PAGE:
These days, having a stellar social presence is essential for online business growth, but simply creating profiles, getting followers, and posting whatever you want, whenever you want, isn’t enough to get there. There must be strategy, of course, but even when you operate within a strategy, there are a few things you can still get wrong. These are the top annoying social media habits I’ve seen brands committing regularly across social media – and I’m here to tell you to stop, right now. Even if you think you’re doing your brand some good, believe me, you’re not.


If there’s ever a place full of misinformation that looks real, it’s social media. Tons of memes are floating around with false data, contributing to the dumbing-down of our society. If you see anything you think may be worth sharing to your audience, do everyone a favor and fact check it first. One of the best places to check is Snopes – but you can always go to Google, too. If people figure out the falsehood of what you’ve posted, you’ve knocked your credibility down a notch, and possibly lost a follower or two… maybe more.


Fear of missing out (FOMO) is a real thing online, and that’s why we see teenagers posting everything from what they ate for breakfast to the movie they’re watching right now. You may think that because you have to compete with everyone else out there, the best way to do that is to post all the time. But, if you fill your audience feed too much, they’ll start to ignore whatever it is you’re saying, or worse yet, unfollow you all together.
There are many studies on the best time to post on social media to guide your efforts. On Facebook, the data shows:
  • Sunday: 32% higher engagement
  • Thursday: 18% higher engagement
  • Friday: 18% higher engagement
  • Saturday: 32% higher engagement
  • 9 am
  • 1 pm: Get the most shares
  • 3 pm: Get the most clicks
On Twitter, however, it looks a bit different:
  • Wednesday is the best day to tweet.
  • The best times are 12 pm, 3 pm, 5 pm, and 6 pm.
Posting on Wednesday and noon and between 5 and 6 pm is optimal, though to increase retweets and clickthroughs, you can also tweet right at noon and 3pm. You can safely experiment with 2-3 am, 6-7am, and 9-10 pm.
Use Pinterest? Take a look at this:
  • Sunday: Best for Food
  • Monday: Best for Fitness
  • Tuesday: Best for Gadgets
  • Wednesday: Best for Quotes
  • Thursday: Best for Outfits
  • Friday: Best for GIFs
  • Saturday: Best for Travel
The best times to in are 2 pm, 9 pm, and 2 am. Avoid Pinterest during work hours, and for best results, include a call to action, and try to match the best topics of the day.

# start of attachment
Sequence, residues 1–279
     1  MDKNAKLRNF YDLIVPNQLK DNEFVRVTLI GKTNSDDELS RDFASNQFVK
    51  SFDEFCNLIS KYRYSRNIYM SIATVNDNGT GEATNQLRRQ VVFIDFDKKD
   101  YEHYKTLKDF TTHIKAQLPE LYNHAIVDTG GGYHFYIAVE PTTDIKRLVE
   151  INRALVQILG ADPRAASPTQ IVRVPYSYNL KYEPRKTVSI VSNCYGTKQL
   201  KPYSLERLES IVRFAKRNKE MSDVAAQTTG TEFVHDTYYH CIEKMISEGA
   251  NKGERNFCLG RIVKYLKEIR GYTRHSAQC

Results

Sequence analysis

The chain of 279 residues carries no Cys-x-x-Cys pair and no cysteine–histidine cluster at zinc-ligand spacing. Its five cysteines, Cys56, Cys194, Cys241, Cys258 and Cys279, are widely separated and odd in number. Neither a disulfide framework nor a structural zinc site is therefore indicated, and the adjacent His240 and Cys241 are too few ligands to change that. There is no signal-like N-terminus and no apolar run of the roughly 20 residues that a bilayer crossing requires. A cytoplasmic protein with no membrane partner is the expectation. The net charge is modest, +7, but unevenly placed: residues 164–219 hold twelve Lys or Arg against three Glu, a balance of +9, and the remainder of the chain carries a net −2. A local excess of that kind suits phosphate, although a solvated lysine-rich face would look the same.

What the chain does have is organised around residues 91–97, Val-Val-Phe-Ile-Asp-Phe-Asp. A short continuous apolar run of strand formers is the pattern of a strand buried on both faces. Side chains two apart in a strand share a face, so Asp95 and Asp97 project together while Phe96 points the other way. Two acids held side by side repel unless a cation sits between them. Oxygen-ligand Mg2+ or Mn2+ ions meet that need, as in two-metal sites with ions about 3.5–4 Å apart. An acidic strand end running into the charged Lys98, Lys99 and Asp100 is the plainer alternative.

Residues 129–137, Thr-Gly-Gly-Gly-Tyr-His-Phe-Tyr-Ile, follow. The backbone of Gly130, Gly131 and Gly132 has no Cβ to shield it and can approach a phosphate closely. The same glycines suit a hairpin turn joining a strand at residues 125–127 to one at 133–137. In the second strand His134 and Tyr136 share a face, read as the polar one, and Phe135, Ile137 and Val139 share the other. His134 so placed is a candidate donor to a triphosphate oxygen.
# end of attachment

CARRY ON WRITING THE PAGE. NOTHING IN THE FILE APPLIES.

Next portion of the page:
The data for LinkedIn shows the best days to post are Tuesday, Wednesday, and Thursday. The best times to post are between 7 and 8 am, noon, and 5 and 6pm.
The data for Google+ shows you should avoid posting in the early morning or late evening. The best time to post is between 9 am and 11am, or between noon and 1 pm, especially on Wednesdays. The majority of people there are lurkers and will not interact with what you post.
The data for Instagram shows people are engaged throughout the week, but Mondays and Thursday tend to get a bit more attention. Avoid posting between 3 and 4 pm on those days. Videos do best every day between the hours of 9 pm and 8 am. Generally speaking, the best times to post to Instagram are between 8 am and 9am, 2 am, and 5 pm.
Factoring in time zones sounds complex, but it doesn’t have to be. Half of Americans live in the eastern time zone, and when you add the central time zone, you’re accounting for 80% of the population.
So, now that we have the best times to post for optimum reach and exposure, that still doesn’t answer the question about how often you should post to your business accounts. And just like each network has ideal times, each network has ideal frequencies.
Conventional wisdom says you should post to Facebook twice a day, but this only works if you have a following of 10,000 or more. Posting twice a day with a smaller audience translates to 50% fewer clicks per post. Those with less can post one to five times a month and see clicks per post double.
In terms of Twitter, there’s no clear cut answer, because it depends on your goals, according to this study. If you want to want to get the best engagement from each tweet, then stick to one to five tweets per day, but if you want to get more responses overall, tweet as much as you want… with up to 50 times a day having no negative effect on your account.
For Instagram, it’s not the frequency, but the consistency that matters. You can start posting multiple times a day, even up to 15-20x a day on your account without negative effects, but setting that standard means you have to do it consistently. Changing to posting just a few times a week will translate to lost followers and less engagement for each post.
For Pinterest, post between four and 10 times a day to get maximum engagement, but some studies show pinning up to 30 times a day is okay for brands with lots of content.
And while we’re at it – let me take a second to say – don’t post to your social profiles apologizing for a lack of posts recently. It’s pointless – and because posting more often doesn’t really offer any benefit, just jump back in to posting regularly. Take time to curate some content and get it queued up and ready to go so you can avoid gaps in the future.